Our days in Oslo were spent a little more indoors, watching Masterchef and the news on BBC. Our host Terese is a wonderful, progressive 57 year old who spoke to us about politics, empathy and independence.

I remember talking to her about church and her family and she seemed to carry a lot of weight from past hurts, like most mothers. Despite those things, she stands in front of Al and I, as a strong, warm hearted woman who grabs life by its neck and live it to its fullest.

She walked with us one day to see an exhibition on the Massacre in Utoya and asked us many questions about what’s it like in Malaysia. One part of our conversation went something like this:

Terese: You look forward to going home?
Lilly: Err. I’m not sure. Things aren’t doing too well.
[Terese waits for more]
Lilly: There’s a lot going on, corruption, and a possible suspension of my company’s printing license.
Terese: Corruption and censorship? Oh no, that’s very bad. In Norway we don’t have such thing.

The next day, I received the news: we got suspended. I didn’t tell Terese.

I’m not exactly sure where the problem lies: in Copenhagen or in me. I expected this city to be amazing. Mind blowing. Awe inspiring. Ultra modern facades at every corner that constantly nudges for a photo to be taken. Instead, I left slightly disappointed. Though, I am convinced this is a result of a two-way and multifaceted fault at hand. (I shall also reserve another post just for this).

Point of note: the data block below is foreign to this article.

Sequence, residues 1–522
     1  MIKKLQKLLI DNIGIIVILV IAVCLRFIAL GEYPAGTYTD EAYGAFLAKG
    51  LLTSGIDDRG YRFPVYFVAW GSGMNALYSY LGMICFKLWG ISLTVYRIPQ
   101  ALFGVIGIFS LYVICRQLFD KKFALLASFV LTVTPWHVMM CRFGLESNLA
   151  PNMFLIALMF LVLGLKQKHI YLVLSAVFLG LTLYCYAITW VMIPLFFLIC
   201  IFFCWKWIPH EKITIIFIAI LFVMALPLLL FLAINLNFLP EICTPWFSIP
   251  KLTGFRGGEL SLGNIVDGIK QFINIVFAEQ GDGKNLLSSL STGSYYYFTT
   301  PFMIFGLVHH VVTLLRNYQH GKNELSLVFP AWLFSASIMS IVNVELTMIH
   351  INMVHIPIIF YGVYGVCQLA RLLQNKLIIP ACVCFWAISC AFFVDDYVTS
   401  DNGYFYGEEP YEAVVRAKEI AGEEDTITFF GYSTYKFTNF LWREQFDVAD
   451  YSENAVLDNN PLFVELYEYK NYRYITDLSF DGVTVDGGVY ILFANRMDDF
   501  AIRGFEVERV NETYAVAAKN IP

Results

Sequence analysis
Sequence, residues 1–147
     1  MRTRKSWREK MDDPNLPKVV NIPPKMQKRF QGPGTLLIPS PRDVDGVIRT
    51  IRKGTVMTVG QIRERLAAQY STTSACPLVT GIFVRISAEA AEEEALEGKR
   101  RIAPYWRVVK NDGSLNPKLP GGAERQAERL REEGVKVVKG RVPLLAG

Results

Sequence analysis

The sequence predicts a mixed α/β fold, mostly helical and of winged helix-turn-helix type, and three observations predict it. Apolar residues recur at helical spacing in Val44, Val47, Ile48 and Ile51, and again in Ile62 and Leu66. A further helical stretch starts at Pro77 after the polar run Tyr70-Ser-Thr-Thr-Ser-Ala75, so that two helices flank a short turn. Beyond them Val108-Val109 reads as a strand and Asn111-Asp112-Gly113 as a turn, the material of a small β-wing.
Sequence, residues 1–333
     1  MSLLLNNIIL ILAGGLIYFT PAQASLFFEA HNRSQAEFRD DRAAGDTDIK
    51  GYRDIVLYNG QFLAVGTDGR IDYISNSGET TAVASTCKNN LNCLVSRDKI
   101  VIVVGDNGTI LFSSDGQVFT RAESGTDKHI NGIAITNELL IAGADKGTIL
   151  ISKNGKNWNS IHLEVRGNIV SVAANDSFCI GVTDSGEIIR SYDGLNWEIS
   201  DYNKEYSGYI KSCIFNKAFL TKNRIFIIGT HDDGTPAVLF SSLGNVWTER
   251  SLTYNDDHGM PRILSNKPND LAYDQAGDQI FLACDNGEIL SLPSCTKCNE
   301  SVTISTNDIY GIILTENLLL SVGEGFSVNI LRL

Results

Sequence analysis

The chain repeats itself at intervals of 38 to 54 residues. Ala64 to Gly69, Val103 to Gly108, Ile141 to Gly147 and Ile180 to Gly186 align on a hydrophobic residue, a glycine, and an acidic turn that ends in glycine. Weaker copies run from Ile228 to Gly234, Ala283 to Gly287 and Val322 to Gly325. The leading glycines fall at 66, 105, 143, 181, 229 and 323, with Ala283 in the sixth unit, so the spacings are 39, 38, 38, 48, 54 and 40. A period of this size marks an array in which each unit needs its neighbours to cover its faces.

The saving grace of Copenhagen is this museum, which from the outside looked just like a suburban house that however, opened up to a larger, maze-like structure of different storeys, overlooking the straits (and Sweden) at one part and a lake at another. We weren’t too keen on the paintings and exhibitions but the space itself was an art piece one can take hours just examining.

I admit: I sobbed four times the moment our trip ended. Twice on the plane, once while on FaceTime with Al, and one last go at it before I slept.

But who am I to kid: During a holiday, we see countries as what they are in relation to what we are not. We exist then, in forgetting– in a quick dismissal of mishaps and atrocities because they are either too far from us, or too unfamiliar. Immersed in a holiday, we are mere observers because we are constantly suspended in narratives of escape, that you and I know has an incredibly brief shelf life.

I would be lying to myself if I said I love being back home, but there are some truths in it. Even in a city of sadness, lies an invisible thread that unravels and stretches as it draws new and rapid patterns so that every second, the unhappy city contains a happy city unaware of its own existence. Lucky for me, the thread is glaringly conspicuous for I know where and who exactly my home is.